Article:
“I have seen nothing but great things,” coach Steve Spagnuolo said. “His greatness in that regard, in the leadership regard is shining right now when it’s not the best of times and the results haven’t been what we want. I’m not going to share with you one other thing but there was something he did that meant the world to me and I appreciated him and how he’s gone about things right now.”

            Growing up in Las Vegas, Jackson’s lessons in leadership began at an early age. His father, Steve, practically majored in the subject as a Marine veteran in the Vietnam War.

            That meant plenty of “yes, sir” and “no, sir” in the Jackson household but it also began a cultivation process in the planting of those seeds of leadership.

            Jackson learned a lot of the details from his father, things like always being on time, keeping your word and being dressed presentably for every occasion. Those little things that can determine one’s character.

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            In the unusual din of another noisy winning locker room, Steven Jackson stood in front of his stall Sunday afternoon and began the sort of delicate procedure that only gimpy running backs and horror movie mummies are familiar with.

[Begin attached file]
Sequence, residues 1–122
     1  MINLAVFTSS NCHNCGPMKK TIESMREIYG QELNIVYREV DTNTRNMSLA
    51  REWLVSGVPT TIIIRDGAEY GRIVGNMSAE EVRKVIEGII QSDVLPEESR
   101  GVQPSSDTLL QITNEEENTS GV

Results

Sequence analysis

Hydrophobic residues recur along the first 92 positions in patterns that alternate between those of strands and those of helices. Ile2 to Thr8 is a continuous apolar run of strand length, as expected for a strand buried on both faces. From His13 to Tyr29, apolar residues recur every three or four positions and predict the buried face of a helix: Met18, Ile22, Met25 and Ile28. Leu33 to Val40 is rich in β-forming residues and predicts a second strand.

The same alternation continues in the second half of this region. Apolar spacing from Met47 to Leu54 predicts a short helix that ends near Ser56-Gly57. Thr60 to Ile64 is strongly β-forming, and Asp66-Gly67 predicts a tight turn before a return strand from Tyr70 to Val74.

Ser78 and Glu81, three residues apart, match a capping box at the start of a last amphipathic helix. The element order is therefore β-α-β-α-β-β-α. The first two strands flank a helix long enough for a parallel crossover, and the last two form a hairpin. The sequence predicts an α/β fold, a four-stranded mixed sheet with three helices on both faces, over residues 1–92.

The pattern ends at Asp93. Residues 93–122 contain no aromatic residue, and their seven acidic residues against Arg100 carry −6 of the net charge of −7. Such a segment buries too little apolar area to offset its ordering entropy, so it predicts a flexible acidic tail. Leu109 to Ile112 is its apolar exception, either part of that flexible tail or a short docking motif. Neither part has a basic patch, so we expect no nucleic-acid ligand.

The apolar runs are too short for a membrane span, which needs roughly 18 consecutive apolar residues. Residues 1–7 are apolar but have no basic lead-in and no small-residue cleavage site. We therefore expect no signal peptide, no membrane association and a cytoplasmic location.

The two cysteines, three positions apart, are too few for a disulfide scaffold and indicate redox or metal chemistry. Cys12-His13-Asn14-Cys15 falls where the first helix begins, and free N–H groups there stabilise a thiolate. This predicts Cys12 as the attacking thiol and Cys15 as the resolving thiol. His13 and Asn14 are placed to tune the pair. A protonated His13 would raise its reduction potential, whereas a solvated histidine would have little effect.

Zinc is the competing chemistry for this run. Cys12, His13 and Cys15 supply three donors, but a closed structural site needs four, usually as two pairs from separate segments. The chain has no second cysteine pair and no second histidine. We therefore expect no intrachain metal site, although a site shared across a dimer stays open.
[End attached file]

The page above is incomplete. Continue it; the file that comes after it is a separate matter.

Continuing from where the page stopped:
"Look at all of this stuff that kept me together," he bellowed. The Rams' running back began to peel off the many protective layers that had essentially kept him all together during a 20-3 victory over the Seattle Seahawks. A victory that not only put his surprising 2-2 team in a first-place tie for the NFC West lead, but also pushed Jackson up a notch in the Rams' record book.

            First he carefully took off the white game pants, then it was the gray compression shorts with the high-tech bubble-wrapped padding. That revealed an odd looking, black corset-like contraption that had a bunch of Velcro straps on it that zig-zagged across his tender right leg and strained groin like wire on a burlap sack.